Serahule (or as they are sometimes know the Sarahule,
Sarakole, Serahuli or Soninke) make up 9% of
the population of Gambia
and were and are still engaged in the occupations of
peanut and cotton farming, making decorative pottery,
goldsmiths, trading and some are involved in the diamond
businesses of Sierra Leone and Angola. Today the Serahule
are among the country's leading entrepreneurs and real
estate owners & developers. Their largest population
concentration is in Basse
town which is on the eastern most part of the country
and the vast majority are Muslims.
form minority ethic groups
in other West African countries such as Burkina Faso,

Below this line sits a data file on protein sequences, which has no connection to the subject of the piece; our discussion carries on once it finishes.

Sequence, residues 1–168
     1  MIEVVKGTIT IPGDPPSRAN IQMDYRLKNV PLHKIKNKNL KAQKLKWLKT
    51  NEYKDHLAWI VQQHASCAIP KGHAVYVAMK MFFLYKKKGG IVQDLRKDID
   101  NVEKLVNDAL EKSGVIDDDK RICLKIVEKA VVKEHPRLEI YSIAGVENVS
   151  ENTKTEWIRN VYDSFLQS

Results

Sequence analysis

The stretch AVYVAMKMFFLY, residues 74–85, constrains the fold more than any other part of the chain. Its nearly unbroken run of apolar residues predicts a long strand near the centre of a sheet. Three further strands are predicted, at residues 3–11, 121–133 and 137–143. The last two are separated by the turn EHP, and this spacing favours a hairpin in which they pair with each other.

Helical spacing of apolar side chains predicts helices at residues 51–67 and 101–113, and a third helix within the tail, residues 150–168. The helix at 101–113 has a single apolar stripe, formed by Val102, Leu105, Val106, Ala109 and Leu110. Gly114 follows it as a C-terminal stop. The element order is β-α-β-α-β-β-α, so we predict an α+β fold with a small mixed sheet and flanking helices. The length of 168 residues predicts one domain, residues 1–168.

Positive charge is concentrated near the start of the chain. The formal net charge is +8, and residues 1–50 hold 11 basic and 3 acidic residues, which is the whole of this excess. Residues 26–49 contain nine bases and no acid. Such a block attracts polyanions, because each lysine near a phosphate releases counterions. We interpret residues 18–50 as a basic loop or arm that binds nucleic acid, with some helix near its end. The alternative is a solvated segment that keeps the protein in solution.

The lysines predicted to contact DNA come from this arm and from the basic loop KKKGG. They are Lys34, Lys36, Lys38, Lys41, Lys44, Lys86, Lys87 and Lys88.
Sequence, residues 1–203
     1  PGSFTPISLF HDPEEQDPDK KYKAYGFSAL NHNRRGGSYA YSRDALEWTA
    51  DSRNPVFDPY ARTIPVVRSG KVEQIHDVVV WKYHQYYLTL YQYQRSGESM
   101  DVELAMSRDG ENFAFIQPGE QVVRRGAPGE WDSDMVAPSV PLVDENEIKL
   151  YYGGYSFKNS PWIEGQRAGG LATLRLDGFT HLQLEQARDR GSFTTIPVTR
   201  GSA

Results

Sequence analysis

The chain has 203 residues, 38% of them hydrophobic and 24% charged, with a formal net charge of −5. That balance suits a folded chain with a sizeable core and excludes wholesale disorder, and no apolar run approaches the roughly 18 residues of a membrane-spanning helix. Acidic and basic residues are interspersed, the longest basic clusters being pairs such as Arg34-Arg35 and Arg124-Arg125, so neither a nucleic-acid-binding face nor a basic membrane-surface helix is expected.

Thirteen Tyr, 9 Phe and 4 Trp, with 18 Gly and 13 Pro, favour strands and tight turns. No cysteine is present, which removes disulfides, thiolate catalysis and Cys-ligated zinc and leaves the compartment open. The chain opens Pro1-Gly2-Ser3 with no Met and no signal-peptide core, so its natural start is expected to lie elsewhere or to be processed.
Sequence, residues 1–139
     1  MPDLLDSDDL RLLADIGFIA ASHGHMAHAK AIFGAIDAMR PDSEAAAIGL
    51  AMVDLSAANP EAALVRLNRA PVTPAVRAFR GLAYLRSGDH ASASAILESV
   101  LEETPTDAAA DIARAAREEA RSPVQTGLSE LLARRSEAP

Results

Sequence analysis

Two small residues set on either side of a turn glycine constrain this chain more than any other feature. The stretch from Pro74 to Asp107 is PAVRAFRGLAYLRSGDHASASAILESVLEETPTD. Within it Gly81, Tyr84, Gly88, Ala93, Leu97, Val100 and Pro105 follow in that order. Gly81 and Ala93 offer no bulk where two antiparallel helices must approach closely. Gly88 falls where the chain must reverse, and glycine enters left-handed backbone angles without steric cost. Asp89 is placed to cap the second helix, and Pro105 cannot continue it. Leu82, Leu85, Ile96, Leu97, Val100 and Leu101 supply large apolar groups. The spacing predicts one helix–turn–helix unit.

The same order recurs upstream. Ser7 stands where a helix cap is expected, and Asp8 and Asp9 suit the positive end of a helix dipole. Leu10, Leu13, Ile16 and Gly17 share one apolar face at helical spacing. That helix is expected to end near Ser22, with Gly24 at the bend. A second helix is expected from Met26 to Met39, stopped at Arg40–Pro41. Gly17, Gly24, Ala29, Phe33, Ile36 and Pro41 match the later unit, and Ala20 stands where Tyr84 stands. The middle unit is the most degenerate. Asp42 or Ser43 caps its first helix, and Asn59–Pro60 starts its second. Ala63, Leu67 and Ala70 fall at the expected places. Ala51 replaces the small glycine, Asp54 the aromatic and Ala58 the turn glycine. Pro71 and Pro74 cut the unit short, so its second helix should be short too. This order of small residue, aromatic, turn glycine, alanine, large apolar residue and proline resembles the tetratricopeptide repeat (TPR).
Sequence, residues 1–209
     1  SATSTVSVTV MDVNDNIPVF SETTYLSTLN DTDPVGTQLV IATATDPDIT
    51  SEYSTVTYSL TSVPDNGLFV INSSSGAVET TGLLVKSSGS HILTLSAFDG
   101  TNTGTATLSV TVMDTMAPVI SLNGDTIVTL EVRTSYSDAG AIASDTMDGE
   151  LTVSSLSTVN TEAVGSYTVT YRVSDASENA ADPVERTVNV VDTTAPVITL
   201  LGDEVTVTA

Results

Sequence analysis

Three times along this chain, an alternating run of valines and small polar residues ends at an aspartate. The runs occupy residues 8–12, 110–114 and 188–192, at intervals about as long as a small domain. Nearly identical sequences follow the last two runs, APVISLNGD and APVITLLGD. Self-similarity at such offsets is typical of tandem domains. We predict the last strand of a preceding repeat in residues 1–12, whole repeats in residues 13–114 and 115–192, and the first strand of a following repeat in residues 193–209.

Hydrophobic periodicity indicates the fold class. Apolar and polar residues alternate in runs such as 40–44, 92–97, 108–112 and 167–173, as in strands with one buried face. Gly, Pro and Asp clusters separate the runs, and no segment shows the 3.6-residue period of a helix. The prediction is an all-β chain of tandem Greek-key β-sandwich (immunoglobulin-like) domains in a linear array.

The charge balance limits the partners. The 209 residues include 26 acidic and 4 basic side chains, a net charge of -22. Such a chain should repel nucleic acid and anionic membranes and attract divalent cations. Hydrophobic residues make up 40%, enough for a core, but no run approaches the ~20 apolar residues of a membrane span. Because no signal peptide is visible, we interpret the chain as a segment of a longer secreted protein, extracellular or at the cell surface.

Mauritania, Guinea Bissau and Senegal.
History & Origins:
is today much speculation about the origins of the Serahule
ethnic group as there is with many groups in Western
Sudan. The first theory is that they originated from
the ancient Songhai Empire and were supporters of the
Sunni royal family who were exiled in 1493 by Askia
Mohammed. Indeed Soninke means "followers of Sunni".
second and more widespread theory is that they were
the inhabitants of the ancient Ghana Empire which was
founded by Berbers who gained greatly in economic terms
with their Moroccan cousins.
The empire these people founded thrived on the Trans-Saharan
trade and stretched from Mauritania to modern-day Ghana
and ruled it from 777 A.D. to 1076 when the empire was
extinguished by the Almoravids. They have an oral tradition
that dates back to almost 1,000.
The Serahule came to The Gambia in large numbers in
the second half of the 1800's to look for work after
after most of the Serahule states and kingdoms had been
conquered by the Bambara.